Five things we learnt from round one at The Open


Dustin’s got some bottle
Four good chances to win majors have come and gone for DJ, the most recent of which at last month’s US Open must still be raw. It seemed somewhat cruel, then, to put him alongside Chambers Bay benefactor Jordan Spieth. Dustin thrived, though, enjoying plenty of conversation with his 21-year-old playing partner before shooting 65 to lead him by two. ‘Nothing bad happened at Chambers Bay,’ Johnson said post-round. ‘I wasn't disappointed, really. I played really well, did everything I was supposed to. I couldn't control what the ball was doing on the greens there. There's really no bad feelings from that, only good. I played really well and then it carried over to today. I played really well today.’

Tiger short of form
Much has been made of Tiger’s long-game and its effect on his body during his recent struggles. However, it was a lack of touch around the greens that cost him so dearly in round one here. The American was tied-12th in fairways hit (14 of 16) after round one and averaged exactly 300 yards off the tee (37th). He failed to take advantage, though, hitting just 10 greens in regulation (133rd) and taking 31 putts (58th). He seems to be lacking confidence in the scoring zone – shown most clearly when he found the water on one and chunked a pitch on 12. This part of his game needs work if he is to contend regularly again.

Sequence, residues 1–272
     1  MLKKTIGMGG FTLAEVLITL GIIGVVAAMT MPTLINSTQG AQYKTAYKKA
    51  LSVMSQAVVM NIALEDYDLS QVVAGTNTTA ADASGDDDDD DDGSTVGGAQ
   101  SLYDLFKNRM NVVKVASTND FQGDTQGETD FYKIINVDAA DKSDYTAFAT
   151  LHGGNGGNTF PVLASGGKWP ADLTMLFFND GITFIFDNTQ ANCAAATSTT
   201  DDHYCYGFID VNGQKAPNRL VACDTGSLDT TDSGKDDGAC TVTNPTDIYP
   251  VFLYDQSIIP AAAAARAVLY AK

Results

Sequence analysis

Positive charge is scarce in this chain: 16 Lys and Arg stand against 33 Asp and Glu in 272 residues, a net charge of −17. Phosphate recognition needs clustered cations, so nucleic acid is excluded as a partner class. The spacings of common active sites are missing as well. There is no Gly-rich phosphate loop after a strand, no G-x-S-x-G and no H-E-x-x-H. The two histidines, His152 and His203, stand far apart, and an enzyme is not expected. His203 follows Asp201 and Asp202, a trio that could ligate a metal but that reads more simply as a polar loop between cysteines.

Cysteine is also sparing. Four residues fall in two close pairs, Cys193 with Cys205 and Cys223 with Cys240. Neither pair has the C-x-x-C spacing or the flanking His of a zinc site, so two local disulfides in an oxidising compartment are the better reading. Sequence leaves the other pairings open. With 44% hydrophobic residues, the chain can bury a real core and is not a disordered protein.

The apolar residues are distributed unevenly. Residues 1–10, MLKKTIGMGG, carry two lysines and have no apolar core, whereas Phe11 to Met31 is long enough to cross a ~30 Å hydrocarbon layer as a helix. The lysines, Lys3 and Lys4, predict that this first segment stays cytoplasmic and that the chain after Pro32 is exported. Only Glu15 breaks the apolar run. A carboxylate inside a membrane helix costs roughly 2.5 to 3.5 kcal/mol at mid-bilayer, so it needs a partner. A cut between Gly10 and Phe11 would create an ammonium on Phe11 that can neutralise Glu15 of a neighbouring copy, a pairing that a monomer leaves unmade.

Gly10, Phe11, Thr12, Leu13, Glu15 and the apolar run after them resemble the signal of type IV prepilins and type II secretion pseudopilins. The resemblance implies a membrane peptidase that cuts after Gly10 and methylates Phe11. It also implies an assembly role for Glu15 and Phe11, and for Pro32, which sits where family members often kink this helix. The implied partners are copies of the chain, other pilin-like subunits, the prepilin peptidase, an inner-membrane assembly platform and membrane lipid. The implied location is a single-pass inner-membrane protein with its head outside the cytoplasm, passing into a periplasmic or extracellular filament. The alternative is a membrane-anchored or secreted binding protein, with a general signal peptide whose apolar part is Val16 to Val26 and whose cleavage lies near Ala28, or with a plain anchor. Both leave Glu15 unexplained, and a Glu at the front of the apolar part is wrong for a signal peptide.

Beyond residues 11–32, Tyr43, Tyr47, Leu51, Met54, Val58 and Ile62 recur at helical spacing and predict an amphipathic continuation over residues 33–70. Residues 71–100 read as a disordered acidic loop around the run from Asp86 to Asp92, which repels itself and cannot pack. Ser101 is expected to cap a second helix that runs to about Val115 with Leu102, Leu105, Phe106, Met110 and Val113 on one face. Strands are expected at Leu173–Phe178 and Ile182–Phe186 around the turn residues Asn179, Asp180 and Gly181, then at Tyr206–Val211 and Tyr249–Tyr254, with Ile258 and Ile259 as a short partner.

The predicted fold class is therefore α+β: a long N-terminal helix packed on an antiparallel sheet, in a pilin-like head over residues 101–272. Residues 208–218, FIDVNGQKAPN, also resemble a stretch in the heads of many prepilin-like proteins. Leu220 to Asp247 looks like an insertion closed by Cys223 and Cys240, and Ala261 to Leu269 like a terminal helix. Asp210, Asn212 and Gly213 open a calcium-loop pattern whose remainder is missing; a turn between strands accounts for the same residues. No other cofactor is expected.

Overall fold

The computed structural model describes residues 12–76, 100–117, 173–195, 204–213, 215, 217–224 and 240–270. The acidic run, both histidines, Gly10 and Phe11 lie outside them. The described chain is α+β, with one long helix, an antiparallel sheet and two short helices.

The amateurs are alright
Jordan Niebrugge (67), Paul  Dunne (69), Romain Langasque (69), Oliver Schneiderjans (70), Paul Kinnear (70) and Ashley Chesters (71). Six of the nine amateurs in the field broke par in round one. Get set for a super scrap for that coveted Silver Medal.

Make your score on the front nine
With just a few groups left on the course this evening, six of the seven hardest holes were on the back nine with all of them playing over par. The toughest of the lot was the iconic par four 17th, the Road Hole playing to an average of around 4.8. In contrast, six of the seven easiest were on the front nine, with the par five fifth giving up three eagles and 84 birdies to play to an average of 4.5.

Home from home
What is it about South Africans and St Andrews? Louis Oosthuizen lifted the Claret Jug here five years ago and was sixth in the Alfred Dunhill Links last year. Charl Schwartzel was seventh in the same tournament in 2013 and 14th in the Open here in 2010. Retief Goosen has finished sixth or better in the two previous St Andrews Opens, while Branden Grace lifted the Alfred Dunhill Links trophy in 2012. Their form shows no sign of abating this week, the foursome shooting a combined 19-under par in the first round to sit inside the top-20 on the leaderboard.